As the game kicked off, the atmosphere was good. The locals loved it and the English were trying to cheer the boys on. It wasn’t a particularly hostile atmosphere like it was when we played in Moscow but it was certainly loud, helped by one of the loudest PA systems I can remember. They had a band on the running track which played throughout and as always the England band was there. Eleven minutes in though, the home fans were silenced. The ball fell to Steve Gerrard outside the box and he curled in a beauty. You would have imagined that this would have dented the home team’s confidence but far from it. Belarus started to dominate the game and it came as no surprise when they equalised. It was a shocking piece of defending but a deserved goal.
At half time, confidence was not high amongst the travelling fans. It was clear that we would have to lift the tempo if we were to maintain our 100% start to the qualifying campaign. Fantastically, that’s exactly what we did. From the opening whistle of the second half, it was clear that we were in no mood to let this one go. It took only five minutes before Rooney continued his brilliant scoring run. Heskey had been immense all game and his cross was slid home by Rooney. Twenty five minutes later, the striker was at it again. Gerrard was the provider this time and Rooney gloriously lifted his through ball over the advancing keeper to settle any nerves we might have had. There was still time for Gerrard to miss a sitter after he’d done all the hard work but the job was done. I don’t think anyone would have imagined it two months ago but England are on maximum points after four games.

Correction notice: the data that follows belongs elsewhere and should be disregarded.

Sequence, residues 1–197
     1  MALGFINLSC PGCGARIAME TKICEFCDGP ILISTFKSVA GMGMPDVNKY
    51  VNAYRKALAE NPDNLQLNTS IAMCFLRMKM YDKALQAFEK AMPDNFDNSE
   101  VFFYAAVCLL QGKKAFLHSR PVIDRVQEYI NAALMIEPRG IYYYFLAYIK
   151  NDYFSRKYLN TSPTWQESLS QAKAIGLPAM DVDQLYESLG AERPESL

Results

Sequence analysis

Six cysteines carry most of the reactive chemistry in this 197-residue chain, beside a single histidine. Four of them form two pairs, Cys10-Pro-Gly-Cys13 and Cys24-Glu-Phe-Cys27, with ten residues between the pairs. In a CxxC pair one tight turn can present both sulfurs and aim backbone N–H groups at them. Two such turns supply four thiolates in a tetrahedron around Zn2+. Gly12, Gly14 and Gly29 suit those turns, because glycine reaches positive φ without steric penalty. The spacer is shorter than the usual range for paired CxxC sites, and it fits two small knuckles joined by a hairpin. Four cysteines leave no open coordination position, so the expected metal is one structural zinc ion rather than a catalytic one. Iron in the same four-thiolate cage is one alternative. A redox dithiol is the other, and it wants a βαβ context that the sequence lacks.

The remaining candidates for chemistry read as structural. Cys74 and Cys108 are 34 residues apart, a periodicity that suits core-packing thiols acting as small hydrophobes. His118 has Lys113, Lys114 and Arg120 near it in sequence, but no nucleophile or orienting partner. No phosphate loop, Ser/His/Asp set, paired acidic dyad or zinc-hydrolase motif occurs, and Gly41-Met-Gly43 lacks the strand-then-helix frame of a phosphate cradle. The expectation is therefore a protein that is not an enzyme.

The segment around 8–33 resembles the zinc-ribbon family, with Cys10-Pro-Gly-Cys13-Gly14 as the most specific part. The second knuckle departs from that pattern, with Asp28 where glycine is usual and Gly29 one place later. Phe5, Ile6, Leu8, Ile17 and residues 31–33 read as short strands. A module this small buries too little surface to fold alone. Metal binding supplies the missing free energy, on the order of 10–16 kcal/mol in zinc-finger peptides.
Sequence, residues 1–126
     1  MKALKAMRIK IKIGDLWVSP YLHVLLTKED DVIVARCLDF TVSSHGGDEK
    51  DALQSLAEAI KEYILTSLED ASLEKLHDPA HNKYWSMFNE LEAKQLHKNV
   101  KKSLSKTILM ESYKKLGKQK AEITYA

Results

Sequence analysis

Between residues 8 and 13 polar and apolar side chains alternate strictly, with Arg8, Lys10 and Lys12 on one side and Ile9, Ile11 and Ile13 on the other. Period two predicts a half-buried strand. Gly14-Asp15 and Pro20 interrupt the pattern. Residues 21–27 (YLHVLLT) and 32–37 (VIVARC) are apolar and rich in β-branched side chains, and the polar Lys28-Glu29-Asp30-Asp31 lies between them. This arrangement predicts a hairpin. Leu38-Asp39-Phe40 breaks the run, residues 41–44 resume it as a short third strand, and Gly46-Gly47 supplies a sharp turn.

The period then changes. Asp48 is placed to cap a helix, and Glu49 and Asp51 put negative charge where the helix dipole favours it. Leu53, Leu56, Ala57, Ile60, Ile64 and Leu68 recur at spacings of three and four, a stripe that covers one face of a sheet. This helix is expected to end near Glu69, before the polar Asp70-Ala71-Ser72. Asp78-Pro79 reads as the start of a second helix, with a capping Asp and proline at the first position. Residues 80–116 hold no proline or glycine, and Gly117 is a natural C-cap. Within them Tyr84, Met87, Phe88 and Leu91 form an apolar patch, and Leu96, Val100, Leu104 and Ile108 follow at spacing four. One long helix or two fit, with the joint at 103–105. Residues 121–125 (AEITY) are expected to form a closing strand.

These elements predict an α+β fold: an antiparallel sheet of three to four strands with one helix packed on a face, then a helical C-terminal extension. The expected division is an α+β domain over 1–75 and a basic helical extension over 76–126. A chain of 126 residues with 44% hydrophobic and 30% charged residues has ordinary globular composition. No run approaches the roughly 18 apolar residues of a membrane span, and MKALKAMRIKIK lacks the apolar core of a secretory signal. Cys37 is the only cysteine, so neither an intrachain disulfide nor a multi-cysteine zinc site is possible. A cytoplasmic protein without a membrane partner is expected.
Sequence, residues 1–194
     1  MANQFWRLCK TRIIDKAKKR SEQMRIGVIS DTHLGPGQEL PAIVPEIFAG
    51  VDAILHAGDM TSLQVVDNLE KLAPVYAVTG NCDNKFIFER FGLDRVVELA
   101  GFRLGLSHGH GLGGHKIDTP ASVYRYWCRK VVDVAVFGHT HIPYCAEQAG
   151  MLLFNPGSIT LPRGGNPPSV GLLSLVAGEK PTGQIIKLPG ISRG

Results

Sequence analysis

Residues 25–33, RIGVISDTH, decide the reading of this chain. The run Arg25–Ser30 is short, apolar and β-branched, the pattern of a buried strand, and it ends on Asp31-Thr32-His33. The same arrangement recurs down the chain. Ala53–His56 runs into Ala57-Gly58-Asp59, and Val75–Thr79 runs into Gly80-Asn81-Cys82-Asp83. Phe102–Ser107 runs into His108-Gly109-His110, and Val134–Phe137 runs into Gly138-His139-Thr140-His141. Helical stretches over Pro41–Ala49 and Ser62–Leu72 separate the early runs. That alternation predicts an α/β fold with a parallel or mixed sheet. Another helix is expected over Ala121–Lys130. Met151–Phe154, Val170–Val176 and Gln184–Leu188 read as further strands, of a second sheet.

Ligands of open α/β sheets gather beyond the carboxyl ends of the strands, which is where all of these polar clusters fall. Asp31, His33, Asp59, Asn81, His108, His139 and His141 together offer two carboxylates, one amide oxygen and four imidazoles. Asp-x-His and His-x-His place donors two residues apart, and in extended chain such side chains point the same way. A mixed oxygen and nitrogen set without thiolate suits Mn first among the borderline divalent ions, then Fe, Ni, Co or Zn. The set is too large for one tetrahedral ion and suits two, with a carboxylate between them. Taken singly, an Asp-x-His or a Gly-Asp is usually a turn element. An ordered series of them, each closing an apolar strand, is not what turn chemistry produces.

I wasn’t sure what to expect on the walk back to the coach but other than for a minor incident in the underpass, it was all very calm. I was impressed to see that after a hard day’s drinking, everyone made it back to the coach in good time and we were on our way back shortly after midnight.
The journey back was far from smooth. Firstly, some lads asked our driver, Elvis, to stop somewhere so that they could stock up on lager. He pulled over at what looked like a small shop on the highway, several miles from anywhere. We all piled off the coach and headed for the building. On opening the door, it turned out to be a small bar absolutely packed with Belarusian skinheads. They looked up, clocked us but just returned to drowning their sorrows. We didn’t push our luck and simply retreated to the coach although one person went missing a returned five minutes later with some drinks.
About fifteen minutes from the border there had been a large accident on the road involving a minibus of English fans. We had spare seats on our coach so we pulled over to let them on. It turned out that they had been driving back to Vilnius when a car sped towards them along the wrong side of the road. They were all ok but the bus was badly damaged and the other car was upside down in a ditch. The car driver was in a bad way but stunk of booze and was only concerned that the police were not called. We took all bar two of the lads with us but had to leave the driver and a friend to wait for the police so that they could sort out the insurance on the minibus. I’m pleased to report that they all eventually got back OK.
The border crossing was much easier on the way back. We didn’t need to get out this time; they just came on board, took our passports away for half an hour and brought them back fully processed. The highlight of this was the lovely girl who came on board to collect the passports. Based upon the reaction she got, I think some of the lads must have had a bit of a uniform fetish.
We finally got back to Vilnius about 4am giving us a good two hours to sleep before we needed to get up for the coach back to Kaunas airport. Luckily we had managed to blag our way onto a coach that Matt had organised which had a couple of spare seats. It had been a very busy few days and I felt as if we had never stopped travelling but we’d come away with a fantastic result and had a great experience. It is a shame that there are no more away qualifiers until Kazakhstan next June but we’ve only got a month to wait for the Germany friendly in Berlin.
For some more photos from the trip, please click here
|Last Updated on Saturday, 11 June 2011 20:57|